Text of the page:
Goodman Pudong Airport Logistics Park, Shanghai, China.
Achieving Platinum status

In 2021, Goodman’s industrial development in Shanghai, Pudong International Airport Logistics Park, underwent LEED operations and maintenance re-certification. All six buildings in the facility have now achieved a LEED Platinum rating, improving from the single LEED Platinum and five LEED Gold ratings achieved in 2019.

The initiatives to achieve the rating include:

A 4.2MW solar system with real-time monitoring
Automated LED lighting and ambient light sensors
Water-saving technologies
A smart irrigation system which adapts to soil and weather conditions
Improved waste management to optimise recycling

United Kingdom – HelloFresh

After delivering more than 600 million meals in 2020, meal delivery service HelloFresh needed a new temperature-controlled production and distribution facility in a prime location to support its rapid expansion. The facility also needed to mitigate the environmental impact of its growth.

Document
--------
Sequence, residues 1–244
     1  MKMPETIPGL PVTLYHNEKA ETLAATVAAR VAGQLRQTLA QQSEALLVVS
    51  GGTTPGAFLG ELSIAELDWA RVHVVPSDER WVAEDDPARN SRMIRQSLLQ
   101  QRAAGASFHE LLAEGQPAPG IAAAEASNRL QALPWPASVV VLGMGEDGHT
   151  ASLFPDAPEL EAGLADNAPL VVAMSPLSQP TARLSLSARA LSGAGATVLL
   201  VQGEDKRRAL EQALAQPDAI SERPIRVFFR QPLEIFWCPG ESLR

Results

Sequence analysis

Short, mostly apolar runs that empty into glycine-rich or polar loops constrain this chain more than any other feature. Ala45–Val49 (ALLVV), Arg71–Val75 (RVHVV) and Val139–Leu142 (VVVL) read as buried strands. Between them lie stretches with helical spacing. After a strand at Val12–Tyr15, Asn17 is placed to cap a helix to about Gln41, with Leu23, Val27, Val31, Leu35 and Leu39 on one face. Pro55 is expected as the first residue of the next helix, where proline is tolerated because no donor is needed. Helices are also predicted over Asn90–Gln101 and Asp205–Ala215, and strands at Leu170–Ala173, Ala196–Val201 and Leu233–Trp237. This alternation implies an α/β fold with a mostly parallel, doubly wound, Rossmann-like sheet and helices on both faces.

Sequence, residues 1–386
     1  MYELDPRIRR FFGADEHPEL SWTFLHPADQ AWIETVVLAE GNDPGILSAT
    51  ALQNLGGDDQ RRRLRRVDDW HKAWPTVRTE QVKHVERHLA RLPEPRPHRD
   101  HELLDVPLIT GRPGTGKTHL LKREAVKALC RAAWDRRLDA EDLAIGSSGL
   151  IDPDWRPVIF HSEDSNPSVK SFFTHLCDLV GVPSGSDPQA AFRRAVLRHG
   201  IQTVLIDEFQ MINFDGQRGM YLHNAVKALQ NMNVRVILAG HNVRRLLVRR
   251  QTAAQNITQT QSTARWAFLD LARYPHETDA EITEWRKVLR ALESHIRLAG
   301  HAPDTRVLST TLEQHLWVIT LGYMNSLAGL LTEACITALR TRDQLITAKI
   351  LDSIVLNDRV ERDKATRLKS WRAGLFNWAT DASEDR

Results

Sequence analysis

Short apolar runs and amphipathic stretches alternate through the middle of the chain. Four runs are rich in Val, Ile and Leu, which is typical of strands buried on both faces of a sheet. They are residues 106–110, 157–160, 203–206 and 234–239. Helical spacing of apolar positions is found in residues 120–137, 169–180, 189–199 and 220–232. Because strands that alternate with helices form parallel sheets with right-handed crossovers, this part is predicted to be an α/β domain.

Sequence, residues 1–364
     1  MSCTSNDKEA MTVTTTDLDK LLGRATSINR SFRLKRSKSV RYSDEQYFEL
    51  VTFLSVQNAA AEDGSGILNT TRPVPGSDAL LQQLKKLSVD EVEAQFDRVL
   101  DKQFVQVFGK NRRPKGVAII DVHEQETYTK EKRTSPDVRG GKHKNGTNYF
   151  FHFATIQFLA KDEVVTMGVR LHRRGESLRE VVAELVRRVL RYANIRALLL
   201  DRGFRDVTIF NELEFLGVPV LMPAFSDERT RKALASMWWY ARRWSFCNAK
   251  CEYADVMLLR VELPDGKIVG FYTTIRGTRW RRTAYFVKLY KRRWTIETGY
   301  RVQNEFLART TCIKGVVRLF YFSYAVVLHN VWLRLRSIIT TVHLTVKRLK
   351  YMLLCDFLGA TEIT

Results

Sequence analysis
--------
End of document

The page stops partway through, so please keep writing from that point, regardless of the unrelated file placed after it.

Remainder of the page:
The Beehive

Goodman worked closely with HelloFresh to deliver its new 21,400sqm centre in Nuneaton, named the Beehive by employees. It’s within a four-hour drive of 55.9 million consumers and ideally suited to national fulfilment and fresh food delivery.

Key sustainability features of the Beehive include:

BREEAM Excellent rating
Skylights occupy 12% of the roof to maximise natural light
Optimised solar system to be installed across the whole roof
Rainwater harvesting
Motion and daylight sensors to reduce power consumed by lights
Superior air tightness for improved temperature control
Electric vehicle charging stations

Laurent Guillemain, UK CEO, HelloFresh

HelloFresh, Nuneaton, United Kingdom.
Getafe Terminal Logistics Centre, Madrid, Spain (artist’s impression).

Brownfield development and adaptive re-use